It takes a lot of practice to be a good actor, just as it takes a lot of practice to be a good musician and writer.  Blog posts should be something for your reader and not for you.  There should also be something for you (money) but if you don’t care and don’t have a presence beyond your blog, you won’t see money.  This is more true these days as many readers either don’t “see” ads or they have ad blocking software on their computers.

What matters is the words, the writing, the flow of a blog.  It makes money when, like music or movies, it adds to the day of a reader.  It makes them think of something new, maybe a way to improve their writing or why they should think about improving.  At the heart of a writer, there is a style or a rhythm of their own.  Most readers want to read a writer who sees the world in as many different ways as possible.  Music is one such way, and by using all the parts of the arts, money will come.

You could offer your readers something beyond what you do on your blog, but that doesn’t work if you come across as not offering value in the first place.  You can put AdSense or any other affiliate program, but it won’t work if your blog readers can find out the general idea on earning profits or creating a better book elsewhere.

You have to be willing to make as many personal connections as you can, and be a writer who tries to make connections with people.  People buy from recommendations from friends and families, and then they buy books and other items based on passionate recommendations from their expanded social networks.  Having a Facebook page no one sees is not how you’ll create revenue- you can spend a lot more trying to promote it and not get anything out of it other than debt.  Having a twitter account which doesn’t have connections is just as bad.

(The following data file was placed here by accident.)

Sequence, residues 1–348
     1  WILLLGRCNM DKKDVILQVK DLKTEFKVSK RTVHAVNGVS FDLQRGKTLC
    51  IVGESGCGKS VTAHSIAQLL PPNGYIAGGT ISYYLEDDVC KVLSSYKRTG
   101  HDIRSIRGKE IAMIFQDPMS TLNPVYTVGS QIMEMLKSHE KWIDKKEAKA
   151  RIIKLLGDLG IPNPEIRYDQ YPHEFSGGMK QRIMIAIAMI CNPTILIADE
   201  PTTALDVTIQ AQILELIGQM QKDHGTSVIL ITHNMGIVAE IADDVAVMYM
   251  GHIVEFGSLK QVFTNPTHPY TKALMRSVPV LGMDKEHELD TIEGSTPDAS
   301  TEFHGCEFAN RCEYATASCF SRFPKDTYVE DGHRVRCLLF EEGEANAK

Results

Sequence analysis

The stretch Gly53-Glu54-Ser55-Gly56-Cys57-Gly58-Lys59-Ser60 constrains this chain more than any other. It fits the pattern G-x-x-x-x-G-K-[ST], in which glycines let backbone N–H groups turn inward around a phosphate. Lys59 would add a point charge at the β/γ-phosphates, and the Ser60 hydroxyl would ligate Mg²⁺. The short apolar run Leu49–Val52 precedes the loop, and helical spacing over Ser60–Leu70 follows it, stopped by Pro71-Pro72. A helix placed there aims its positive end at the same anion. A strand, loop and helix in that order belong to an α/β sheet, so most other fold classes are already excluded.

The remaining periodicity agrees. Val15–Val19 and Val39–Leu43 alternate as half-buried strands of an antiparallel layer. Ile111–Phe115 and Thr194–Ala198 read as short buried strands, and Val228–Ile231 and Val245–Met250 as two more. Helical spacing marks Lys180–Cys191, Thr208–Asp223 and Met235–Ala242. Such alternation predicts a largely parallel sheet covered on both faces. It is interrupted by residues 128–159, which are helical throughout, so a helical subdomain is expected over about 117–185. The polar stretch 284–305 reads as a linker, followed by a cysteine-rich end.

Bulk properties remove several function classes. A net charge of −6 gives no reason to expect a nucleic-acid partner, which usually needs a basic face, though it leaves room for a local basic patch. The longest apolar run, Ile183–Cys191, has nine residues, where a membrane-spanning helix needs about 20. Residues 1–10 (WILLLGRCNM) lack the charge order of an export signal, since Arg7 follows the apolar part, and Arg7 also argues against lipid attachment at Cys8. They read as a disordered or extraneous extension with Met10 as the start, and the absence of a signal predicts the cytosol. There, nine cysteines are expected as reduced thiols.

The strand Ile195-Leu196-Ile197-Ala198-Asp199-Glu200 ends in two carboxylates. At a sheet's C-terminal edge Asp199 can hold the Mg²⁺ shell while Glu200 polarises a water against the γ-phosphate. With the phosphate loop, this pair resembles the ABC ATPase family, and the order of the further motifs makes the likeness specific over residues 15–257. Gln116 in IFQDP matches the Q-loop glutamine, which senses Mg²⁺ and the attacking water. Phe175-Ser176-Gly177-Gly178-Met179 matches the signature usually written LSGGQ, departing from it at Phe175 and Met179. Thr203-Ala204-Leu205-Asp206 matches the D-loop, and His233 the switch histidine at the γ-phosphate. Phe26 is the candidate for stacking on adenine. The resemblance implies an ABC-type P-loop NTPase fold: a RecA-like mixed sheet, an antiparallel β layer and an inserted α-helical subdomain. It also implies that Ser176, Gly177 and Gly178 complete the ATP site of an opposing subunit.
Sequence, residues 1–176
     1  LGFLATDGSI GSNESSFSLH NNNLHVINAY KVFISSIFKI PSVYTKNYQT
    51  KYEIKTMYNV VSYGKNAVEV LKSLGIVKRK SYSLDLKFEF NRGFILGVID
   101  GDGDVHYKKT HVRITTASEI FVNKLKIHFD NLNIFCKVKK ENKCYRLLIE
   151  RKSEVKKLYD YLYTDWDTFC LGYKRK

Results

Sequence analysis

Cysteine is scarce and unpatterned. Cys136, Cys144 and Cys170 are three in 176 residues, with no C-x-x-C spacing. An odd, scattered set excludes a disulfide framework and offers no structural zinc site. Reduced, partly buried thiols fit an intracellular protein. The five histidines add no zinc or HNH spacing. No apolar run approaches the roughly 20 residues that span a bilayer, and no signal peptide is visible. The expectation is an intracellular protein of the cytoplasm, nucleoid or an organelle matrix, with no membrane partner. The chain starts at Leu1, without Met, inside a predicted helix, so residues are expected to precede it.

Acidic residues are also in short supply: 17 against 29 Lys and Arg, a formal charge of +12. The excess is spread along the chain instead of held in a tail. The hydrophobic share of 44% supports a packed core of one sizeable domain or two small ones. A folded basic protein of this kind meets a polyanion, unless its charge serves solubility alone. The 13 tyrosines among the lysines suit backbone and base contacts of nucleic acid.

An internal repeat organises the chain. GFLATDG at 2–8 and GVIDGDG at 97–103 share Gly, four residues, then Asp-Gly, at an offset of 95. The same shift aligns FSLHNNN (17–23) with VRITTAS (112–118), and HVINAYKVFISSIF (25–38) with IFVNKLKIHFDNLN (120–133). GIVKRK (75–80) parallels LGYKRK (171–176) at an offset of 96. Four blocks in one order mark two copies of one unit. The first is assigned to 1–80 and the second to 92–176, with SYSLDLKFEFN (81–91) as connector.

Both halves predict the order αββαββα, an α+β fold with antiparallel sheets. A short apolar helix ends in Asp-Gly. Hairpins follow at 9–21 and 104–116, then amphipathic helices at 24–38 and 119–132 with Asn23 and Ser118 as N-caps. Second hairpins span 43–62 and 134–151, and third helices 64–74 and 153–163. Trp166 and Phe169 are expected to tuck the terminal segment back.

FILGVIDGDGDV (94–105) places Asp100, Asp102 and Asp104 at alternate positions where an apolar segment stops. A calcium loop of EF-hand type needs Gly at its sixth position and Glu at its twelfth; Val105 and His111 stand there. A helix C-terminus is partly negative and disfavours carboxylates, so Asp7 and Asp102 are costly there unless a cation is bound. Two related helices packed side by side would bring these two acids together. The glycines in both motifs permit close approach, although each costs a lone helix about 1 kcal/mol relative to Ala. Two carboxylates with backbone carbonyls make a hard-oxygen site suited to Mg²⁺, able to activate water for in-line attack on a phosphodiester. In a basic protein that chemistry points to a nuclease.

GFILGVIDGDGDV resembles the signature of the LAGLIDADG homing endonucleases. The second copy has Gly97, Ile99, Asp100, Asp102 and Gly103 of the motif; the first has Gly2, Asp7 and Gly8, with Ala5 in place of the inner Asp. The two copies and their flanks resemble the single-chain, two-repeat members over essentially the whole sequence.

If you are willing to follow the personal touch method, you will eventually see more success.  This means reaching out to people who will become passionate about you- or your writing- and then go from there.  It means being a writer and a person.  The ripple effect will happen and that is where you need to start.  If Google Analytics tells you half the story, be prepared to find out the rest.

Once you have the entire story, build your blog from there.  Promoting to the right people will be valuable and that is when you will make money with your blog.

3 Comments

  • Amy

    Money will come at some point with your writing. It just takes a lot of patience. Do you have another book coming out soon? Will you self-publish it?

  • Barbara Radisavljevic

    I'm still wrestling with how to monetize my blog. It's still only three months old and I'm working on building a readership among those interested in my county and what it has to offer. Some days I'm more passionate than others, but I do love my area and it is a tourist spot that's growing more popular.

    I'm hoping my willingness to promote others in my city will help build some community. But only time will tell. Meanwhile, I try to focus on providing value to someone who may be thinking of visiting our locale, as well as to those who live here.